So I still don't know how to design an algorithm this way without being at the mercy of the bug that appears in 2 weeks. How can I test this stuff in a smart way?

Thanks

18 February 2013 - 09:22 AM

I've only recently started learning how to use Unity and 3D development tools in general, so this question is pretty naive about what can and can't be done.

Basically, can I create an scene with an interactive character running around, where the landscape changes shapes beneath the character's feet and the character 1. stays connected to the land, and more importantly 2. reacts to the gradient beneath his feet as said gradient is changing.

For example, imagine the following takes place over 4 seconds:

In the 2nd step, the character should start being pulled down the slope due to the change in gradient.

In the 3rd step, assuming some magical force is keeping their feet on the inverted ground, they are still being affected by the new gradient but less severely, as the gradient here is more shallow than the 2nd image.

Is this hard to do in Unity?

If it isn't too hard, could someone give a quick and general semi-layman's terms description of how?

Cheers

### DirectX - Where did my window icon go after fullscreen?

23 September 2010 - 08:58 AM

I thought I'd post this here as I don't know if it's really a problem of DirectX code. EDIT - This is a DirectX issue, as it turns out.

Basically my window can toggle between windowed and fullscreen mode fine, saving previous position and state. But one thing I don't know how to bring back is the little window icon up in the top-left. The one that brings up the restore, move, size, etc menu.

I'm not sure where in my code the mistake is, because I'm missing something fundamental it seems. But here are some snippets: EDIT - The following code snippets are fine really. The problem doesn't exist unless DirectX changes the display mode.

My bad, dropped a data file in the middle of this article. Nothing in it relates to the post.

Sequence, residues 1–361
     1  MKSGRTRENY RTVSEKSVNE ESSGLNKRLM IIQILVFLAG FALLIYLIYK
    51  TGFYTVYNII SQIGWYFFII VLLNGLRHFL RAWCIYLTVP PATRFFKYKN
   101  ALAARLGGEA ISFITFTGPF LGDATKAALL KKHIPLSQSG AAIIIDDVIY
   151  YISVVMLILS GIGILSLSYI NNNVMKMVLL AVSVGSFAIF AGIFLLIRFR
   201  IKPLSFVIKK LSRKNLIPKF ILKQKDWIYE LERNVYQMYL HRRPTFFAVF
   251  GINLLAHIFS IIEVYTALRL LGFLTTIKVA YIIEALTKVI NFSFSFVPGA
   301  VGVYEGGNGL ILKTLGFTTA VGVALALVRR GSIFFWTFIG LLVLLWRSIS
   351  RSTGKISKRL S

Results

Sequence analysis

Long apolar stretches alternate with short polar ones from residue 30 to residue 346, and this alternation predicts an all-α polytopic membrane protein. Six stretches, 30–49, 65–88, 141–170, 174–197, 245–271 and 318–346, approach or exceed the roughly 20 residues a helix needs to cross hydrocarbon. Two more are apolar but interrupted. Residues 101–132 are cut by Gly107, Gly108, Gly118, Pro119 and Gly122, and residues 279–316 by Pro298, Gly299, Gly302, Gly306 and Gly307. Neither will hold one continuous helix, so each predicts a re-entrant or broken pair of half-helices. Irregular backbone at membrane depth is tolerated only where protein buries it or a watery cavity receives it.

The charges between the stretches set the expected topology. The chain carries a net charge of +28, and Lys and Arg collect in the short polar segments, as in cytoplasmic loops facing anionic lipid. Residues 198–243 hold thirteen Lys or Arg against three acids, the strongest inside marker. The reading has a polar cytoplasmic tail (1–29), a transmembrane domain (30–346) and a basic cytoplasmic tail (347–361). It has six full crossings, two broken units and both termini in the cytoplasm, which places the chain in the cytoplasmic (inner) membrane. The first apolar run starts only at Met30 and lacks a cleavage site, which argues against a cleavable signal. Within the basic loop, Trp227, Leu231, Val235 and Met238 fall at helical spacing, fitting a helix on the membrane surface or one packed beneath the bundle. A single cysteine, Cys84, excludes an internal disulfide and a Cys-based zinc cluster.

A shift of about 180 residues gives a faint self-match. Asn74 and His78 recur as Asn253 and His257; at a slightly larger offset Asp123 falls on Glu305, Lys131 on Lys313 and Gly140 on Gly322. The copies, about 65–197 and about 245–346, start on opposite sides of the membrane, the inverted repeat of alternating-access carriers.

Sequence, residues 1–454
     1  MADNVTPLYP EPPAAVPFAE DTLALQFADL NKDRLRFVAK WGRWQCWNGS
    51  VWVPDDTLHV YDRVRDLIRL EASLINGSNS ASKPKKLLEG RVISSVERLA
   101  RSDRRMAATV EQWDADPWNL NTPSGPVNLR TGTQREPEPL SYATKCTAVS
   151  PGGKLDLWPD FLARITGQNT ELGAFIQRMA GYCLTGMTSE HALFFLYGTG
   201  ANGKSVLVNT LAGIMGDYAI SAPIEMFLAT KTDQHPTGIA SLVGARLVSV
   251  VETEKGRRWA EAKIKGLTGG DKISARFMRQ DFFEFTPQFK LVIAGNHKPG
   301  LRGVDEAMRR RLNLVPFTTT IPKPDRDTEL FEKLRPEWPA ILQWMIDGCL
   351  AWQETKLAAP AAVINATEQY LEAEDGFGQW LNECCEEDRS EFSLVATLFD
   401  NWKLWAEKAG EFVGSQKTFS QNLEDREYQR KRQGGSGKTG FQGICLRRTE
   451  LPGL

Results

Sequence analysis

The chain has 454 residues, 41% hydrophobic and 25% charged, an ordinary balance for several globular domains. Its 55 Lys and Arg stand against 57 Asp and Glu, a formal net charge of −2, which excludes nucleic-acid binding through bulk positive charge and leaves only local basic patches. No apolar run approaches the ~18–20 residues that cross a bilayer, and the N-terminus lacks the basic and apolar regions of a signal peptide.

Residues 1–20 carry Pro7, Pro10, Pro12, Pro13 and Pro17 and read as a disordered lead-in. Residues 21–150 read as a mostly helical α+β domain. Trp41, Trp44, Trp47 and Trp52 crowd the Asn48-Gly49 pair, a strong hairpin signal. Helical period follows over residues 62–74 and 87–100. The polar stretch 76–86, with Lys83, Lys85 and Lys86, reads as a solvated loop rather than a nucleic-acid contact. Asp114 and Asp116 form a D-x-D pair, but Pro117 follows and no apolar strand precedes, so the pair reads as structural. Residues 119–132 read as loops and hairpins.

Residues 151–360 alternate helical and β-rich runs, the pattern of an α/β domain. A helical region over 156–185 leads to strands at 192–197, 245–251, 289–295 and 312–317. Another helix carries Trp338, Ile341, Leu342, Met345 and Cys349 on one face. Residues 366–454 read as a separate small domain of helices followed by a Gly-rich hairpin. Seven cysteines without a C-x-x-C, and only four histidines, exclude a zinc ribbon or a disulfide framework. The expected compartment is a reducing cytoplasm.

Creating the icon:
`    WNDCLASS wc;    wc.hIcon            = LoadIcon(GetModuleHandle(NULL), MAKEINTRESOURCE(IDI_ICON1));`
Before changing the display mode for fullscreen mode:
`        SetWindowLongPtr(g_parentWindow, GWL_style, WS_POPUP|WS_VISIBLE);         SetWindowPos(g_parentWindow, NULL, 0, 0, 0, 0, SWP_NOSIZE | SWP_NOMOVE | SWP_FRAMECHANGED);`
Before changing the display mode for returning to windowed mode:
`        if (g_maximised)            SetWindowLongPtr(g_parentWindow,                             GWL_style,                             WS_OVERLAPPEDWINDOW                             |WS_CLIPCHILDREN                             |WS_MAXIMIZE                             |WS_VISIBLE);        else            SetWindowLongPtr(g_parentWindow,GWL_style,WS_OVERLAPPEDWINDOW|WS_CLIPCHILDREN|WS_VISIBLE);                    SetWindowPos(g_parentWindow,                     HWND_NOTOPMOST,                     viewCopy.left,                     viewCopy.top,                     viewCopy.right - viewCopy.left,                     viewCopy.bottom - viewCopy.top + (g_statBarIsOn?statRec.bottom:0),                     SWP_FRAMECHANGED);`

The results are the same whether the window is maximised or not.

I imagine the solution is simply a necessary call that I'm missing... but I don't know what that is. :S Cheers. :)

[Edited by - ApochPiQ on September 25, 2010 1:04:37 PM]